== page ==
Sunday, April 28, 2013

Sunday Salon ~ the Bard's day

[cartoon by John Taylor, borrowed from]

Simon @ Stuck in a Book has put together a quiz called Bible or Bard?  Here's what Simon says:
"23 April, as every schoolchild knows, is probably the birthday, and definitely the deathday, of England’s most famous writer:  William Shakespeare, often known simply as the Bard.  (We don’t know his exact birth date, but he was baptized on 26 April, and it lends his life an appropriately poetic balance to assume he was born and died on the same day.)"
You did, of course, know that Shakespeare is known as the Bard of Avon, right?  Anyway, take the quiz and let me know how well you did in choosing whether the words were from William Shakespeare or the King James Bible.


The Outcasts of 19 Schuyler Place ~ by E. L. Konigsburg, 2004, YA fiction, 8/10

Instead of book beginnings, that I often do on Fridays, this is the ending of The Outcasts of 19 Schuyler Place.  The final words of the book, copied from page 296.
So the history of the towers has not come to an end.
But the telling of it must.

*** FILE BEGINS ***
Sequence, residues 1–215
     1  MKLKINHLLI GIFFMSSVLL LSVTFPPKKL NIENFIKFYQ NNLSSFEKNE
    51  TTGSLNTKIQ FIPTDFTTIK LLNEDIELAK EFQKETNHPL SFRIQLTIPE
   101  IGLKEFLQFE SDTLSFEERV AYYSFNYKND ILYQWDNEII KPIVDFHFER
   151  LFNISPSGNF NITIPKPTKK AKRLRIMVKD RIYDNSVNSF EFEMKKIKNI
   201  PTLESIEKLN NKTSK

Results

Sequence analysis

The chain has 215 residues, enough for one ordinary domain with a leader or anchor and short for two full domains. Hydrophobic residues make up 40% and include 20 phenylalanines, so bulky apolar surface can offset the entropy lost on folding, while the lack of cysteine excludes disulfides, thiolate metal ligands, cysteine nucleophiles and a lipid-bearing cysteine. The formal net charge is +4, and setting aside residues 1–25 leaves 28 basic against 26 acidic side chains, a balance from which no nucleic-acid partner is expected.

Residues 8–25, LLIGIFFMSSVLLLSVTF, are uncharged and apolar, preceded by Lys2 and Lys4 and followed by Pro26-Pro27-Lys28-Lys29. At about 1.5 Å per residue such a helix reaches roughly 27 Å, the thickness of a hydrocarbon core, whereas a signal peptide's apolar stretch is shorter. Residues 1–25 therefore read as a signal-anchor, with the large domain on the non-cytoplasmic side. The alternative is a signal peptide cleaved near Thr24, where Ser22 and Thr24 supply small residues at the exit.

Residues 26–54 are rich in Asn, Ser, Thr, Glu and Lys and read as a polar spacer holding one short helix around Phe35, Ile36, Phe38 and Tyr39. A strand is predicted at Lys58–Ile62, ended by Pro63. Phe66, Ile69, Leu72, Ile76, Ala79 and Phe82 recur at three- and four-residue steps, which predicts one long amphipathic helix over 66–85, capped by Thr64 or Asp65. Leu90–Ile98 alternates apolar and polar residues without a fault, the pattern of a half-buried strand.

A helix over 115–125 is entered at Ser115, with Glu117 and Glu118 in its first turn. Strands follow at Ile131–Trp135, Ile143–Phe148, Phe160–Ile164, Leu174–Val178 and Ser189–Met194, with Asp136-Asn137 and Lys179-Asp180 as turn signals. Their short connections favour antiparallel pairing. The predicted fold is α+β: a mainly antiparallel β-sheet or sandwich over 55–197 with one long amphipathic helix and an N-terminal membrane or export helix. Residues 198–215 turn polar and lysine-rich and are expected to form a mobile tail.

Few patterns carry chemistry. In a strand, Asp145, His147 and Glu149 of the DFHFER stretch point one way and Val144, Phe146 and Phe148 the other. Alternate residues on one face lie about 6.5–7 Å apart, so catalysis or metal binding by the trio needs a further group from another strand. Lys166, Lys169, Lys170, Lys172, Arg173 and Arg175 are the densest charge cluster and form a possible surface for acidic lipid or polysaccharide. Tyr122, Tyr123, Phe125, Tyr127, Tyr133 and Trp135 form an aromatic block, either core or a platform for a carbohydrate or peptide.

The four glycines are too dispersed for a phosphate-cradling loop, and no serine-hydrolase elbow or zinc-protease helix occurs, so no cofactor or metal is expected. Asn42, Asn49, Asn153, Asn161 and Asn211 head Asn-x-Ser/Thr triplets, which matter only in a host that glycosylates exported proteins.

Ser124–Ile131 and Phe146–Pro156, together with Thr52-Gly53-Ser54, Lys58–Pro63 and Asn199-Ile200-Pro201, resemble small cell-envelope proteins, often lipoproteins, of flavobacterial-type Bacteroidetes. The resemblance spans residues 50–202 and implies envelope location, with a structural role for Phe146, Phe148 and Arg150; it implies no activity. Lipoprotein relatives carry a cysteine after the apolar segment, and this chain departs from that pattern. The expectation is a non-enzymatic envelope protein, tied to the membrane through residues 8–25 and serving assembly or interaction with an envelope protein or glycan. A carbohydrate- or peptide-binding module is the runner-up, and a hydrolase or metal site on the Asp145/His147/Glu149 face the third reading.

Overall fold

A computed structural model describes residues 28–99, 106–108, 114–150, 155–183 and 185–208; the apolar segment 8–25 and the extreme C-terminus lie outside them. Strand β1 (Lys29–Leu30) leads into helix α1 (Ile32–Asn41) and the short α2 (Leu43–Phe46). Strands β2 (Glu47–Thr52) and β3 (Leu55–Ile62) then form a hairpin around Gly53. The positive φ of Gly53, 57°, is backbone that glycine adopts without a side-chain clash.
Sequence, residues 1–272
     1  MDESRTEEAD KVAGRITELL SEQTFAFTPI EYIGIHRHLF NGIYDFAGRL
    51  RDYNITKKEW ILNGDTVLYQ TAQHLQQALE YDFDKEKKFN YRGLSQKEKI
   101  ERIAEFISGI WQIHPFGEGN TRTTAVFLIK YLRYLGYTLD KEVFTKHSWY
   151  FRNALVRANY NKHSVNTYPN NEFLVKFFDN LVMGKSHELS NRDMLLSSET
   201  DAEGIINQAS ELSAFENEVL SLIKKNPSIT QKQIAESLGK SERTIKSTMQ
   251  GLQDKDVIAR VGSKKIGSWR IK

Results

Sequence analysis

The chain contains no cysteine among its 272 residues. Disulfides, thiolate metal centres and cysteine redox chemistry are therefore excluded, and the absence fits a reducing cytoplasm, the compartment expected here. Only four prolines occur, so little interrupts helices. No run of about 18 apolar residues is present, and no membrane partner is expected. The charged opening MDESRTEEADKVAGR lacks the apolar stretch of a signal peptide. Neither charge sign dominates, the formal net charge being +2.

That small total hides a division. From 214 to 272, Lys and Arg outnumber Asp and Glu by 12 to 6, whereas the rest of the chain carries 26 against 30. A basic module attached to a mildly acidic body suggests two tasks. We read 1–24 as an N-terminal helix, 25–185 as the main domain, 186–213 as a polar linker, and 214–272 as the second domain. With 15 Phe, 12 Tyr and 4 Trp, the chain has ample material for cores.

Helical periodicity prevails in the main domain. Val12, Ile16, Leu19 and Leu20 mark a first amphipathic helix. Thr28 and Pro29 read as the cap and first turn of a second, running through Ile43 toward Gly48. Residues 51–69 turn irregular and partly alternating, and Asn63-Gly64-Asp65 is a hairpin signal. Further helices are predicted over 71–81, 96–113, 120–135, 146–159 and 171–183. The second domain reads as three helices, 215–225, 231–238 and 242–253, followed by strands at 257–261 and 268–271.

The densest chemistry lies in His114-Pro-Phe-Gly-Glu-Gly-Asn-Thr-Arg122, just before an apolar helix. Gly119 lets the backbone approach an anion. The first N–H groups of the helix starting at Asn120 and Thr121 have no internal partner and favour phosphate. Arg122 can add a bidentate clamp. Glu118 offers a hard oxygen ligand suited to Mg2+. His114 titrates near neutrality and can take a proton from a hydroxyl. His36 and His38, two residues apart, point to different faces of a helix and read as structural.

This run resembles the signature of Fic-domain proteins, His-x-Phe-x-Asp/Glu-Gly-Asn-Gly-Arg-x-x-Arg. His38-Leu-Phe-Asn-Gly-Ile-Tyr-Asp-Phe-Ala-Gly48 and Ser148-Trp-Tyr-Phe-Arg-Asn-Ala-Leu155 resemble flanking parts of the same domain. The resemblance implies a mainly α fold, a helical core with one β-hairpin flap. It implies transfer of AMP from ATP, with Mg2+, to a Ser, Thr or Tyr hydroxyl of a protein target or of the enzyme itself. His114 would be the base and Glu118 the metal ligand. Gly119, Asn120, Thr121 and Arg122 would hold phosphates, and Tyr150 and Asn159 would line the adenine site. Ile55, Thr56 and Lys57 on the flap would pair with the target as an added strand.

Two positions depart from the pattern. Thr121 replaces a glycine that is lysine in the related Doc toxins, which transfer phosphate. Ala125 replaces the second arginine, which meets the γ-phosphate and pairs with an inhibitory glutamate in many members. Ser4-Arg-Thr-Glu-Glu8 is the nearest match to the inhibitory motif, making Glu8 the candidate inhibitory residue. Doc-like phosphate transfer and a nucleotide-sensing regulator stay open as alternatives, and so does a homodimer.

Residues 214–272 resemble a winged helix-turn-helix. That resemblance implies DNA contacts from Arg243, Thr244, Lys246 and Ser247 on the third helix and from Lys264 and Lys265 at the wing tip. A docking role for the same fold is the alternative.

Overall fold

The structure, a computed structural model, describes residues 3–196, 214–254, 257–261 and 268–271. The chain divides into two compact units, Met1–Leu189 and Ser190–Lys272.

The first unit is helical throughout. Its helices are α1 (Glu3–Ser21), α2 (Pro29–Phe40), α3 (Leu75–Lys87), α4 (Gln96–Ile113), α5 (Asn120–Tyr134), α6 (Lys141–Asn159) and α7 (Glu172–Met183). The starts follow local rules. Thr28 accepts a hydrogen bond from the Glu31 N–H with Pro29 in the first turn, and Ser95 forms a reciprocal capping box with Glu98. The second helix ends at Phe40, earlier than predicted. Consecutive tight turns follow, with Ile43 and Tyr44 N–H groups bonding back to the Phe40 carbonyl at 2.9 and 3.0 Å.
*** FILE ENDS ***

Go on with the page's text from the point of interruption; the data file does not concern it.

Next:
Oooh, this resonates with me, and I really really must use it myself.  Now.  Because E. L. Konigsburg has died, here's how I read those lines.
So the telling of stories has not come to an end.
But stories from E. L. Konigsburg have.
And the world is poorer for it.  May she rest in peace, even as the stories she published live on.


Yesterday, I took part in the 24-Hour Readathon.  It had already started when I caved in and signed up.  It's going still, for eight more hours after I have this scheduled to post automatically.  Here's what I've been reading (I may add to this list before it's over):
Bookends ~ by Liz Curtis Higgs, 2000, fiction

Krik? Krak! ~ by Edwidge Danticat, 1991, 1992, 1993, 1994, and 1995, short stories
1.  "War is a raquet!"
2.  "It was my soul income."
3.  "He road the horse."
4.  "That rode is full of potholes."
5.  "My rent is do today."
6.  "I need a chain length fence."
(chain link fence)
7.  "Does anyone have a wheelbarrel they want to sell?"
My inner word-nerd weeps in despair.  Yet maybe it isn't as bad as it seems.  Maybe we can blame technology for some (most?) of these word mistakes, based on comments like this one on Facebook, which was followed by its own correction:
8.  "I would have missed the hole thing!"  (whole)
The next sentence said it all:  "Whole ... iPad touch screen and I are on the verge of a breakup!"  I find my touch screen annoying, too.  Others may have a problem with auto-correct.  I wouldn't want a machine to automatically change what I type.

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